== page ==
BOOK REVIEW/Seth Sandronsky

Medical Revolution

I live in California, where a fledgling public health insurance marketplace is ushering a new gold rush of sorts. A driving force is of course President Obama’s Affordable Care Act. Under such reform, capital cheers when the commodity of health care grows. A different kind of health-care system concerns author Steve Brouwer. In Revolutionary Doctors: How Venezuela and Cuba Are Changing the World’s Conception of Health Care, he details that alternate way ahead for medicine and people to improve social equity and solidarity. It’s moving ahead now in Latin America. Brouwer’s book teems with his first-hand accounts from a village in Monte Carmelo. His focus amplifies the model of de-commoditized health care that rules the roost stateside. 

The author, with rigor and style, informs readers about the doctors and health professionals pursuing a post-capitalist way of living and working. This is no mean feat. Why? Look no further than US anti-socialist propaganda against Cuba and Venezuela. Oh, and don’t sidestep the straw man politics of this tendency. That is opponents of President Barack Obama insisting that he is a closet socialist. Meanwhile, he aims to raise $1 billion for re-election from those reds in hedge funds pulling down seven-figures and up annually. 

Brouwer, in chapters two through four, details the root and flower of Cuba’s medical missions on and off the island nation. A notable case, heroic is the term that comes to mind, involves aid to Haiti after the horrific earthquake of Jan. 12, 2010. In brief, Cuban doctors and nurses led the relief effort. Then they stayed to build up the infrastructure of primary and preventative care so lacking in the poorest nation in the Western Hemisphere, thanks to unceasing US and French aggression, financially and politically, since a successful slave revolt over two centuries ago.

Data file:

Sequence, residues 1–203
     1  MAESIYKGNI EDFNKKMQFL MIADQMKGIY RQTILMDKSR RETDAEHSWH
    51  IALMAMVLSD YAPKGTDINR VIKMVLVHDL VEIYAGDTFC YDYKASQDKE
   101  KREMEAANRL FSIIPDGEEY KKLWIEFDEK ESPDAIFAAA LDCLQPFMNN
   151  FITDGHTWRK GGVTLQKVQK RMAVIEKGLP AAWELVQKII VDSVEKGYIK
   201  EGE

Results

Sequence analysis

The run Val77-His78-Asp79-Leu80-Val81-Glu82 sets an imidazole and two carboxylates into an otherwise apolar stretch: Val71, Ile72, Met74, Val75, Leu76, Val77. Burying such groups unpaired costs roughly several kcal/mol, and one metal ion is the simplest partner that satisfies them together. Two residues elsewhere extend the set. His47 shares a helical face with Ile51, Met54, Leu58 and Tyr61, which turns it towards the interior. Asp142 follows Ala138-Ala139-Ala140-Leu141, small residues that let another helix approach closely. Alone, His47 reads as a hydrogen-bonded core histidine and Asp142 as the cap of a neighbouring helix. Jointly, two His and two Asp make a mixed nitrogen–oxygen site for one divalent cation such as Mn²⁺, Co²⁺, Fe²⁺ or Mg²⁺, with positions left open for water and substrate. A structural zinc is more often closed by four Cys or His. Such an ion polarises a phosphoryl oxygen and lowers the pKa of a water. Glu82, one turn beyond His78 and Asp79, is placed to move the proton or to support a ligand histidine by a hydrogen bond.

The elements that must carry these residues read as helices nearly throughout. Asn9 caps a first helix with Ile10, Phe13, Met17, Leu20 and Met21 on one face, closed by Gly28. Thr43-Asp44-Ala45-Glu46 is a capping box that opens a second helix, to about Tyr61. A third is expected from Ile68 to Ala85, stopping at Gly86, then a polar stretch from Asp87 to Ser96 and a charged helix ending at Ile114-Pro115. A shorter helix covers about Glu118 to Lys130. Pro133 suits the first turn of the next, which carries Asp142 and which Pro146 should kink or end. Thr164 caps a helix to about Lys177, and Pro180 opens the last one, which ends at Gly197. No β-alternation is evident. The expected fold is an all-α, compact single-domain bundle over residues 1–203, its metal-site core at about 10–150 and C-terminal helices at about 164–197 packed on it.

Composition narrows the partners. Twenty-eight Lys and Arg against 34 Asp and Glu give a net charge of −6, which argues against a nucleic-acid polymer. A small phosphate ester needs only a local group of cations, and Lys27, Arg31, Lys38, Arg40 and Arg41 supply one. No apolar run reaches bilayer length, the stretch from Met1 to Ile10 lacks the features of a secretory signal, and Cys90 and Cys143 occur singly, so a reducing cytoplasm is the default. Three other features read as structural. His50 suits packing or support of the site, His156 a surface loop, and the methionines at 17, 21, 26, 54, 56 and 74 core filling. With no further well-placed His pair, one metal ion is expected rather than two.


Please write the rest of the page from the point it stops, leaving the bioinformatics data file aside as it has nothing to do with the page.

The life and labor of Che Ernesto Guevara, Argentinean medical doctor and revolutionary, runs a red line through Brouwer’s book. He explores Che’s legacy over a past half-century of developments in Cuba and Latin America. This narrative runs counter to the US government’s demonization of such figures who saw the widespread inequality and poverty in the Third World as an outgrowth of capitalist imperialism and worked to lessen its harsh effects on ordinary people.

In chapters five through eight, the author explores the phenomenon of Barrio Adentro “in the neighborhood,” Venezuela’s public health initiative, funded with revenues from the nation’s state-owned oil company.

Cuban medical professionals live and work with neighborhood volunteers. The latter are ordinary people who form themselves into committees. Their daily tasks are varied. For instance, they prepare nutritious meals and compile health data. We get glimpses of how and why Venezuelans are consumers and producers of health care.

Snapshots of ordinary Venezuelans training to become doctors reveals their social support system. The role of grandparents is notable. The author details Medicina Integral Communitaria, a Cuban-partnered training program: its creation, structure, curriculum, growth and social gains. MIC is remarkable in no small way for its empowerment of Venezuelan women in the cities and countryside. In Venezuela, the practice and study of medicine integrates with the community.

A vital part of this is the labor of physician-tutors. The author walks us through the lives of first-year medical students to make concrete this social process.

A “battle of ideas” rages hot and cold as the revolution in primary care grows throughout Latin America.

Mainstream media in the US act as service providers to the investor class forces that see such a development as a threat to capitalist power and wealth. Demonizing Hugo Chavez, president of Venezuela, is a kind of cottage industry.

Meanwhile, a new way of practicing medicine flourishes throughout Venezuela and Latin America generally.

Brouwer wraps up his book on a medical approach that is bottom-up versus the top-down disaster in the US by making clear what is at stake, for whom and why.

Seth Sandronsky writes in Sacramento. Email

From The Progressive Populist, June 1, 2012

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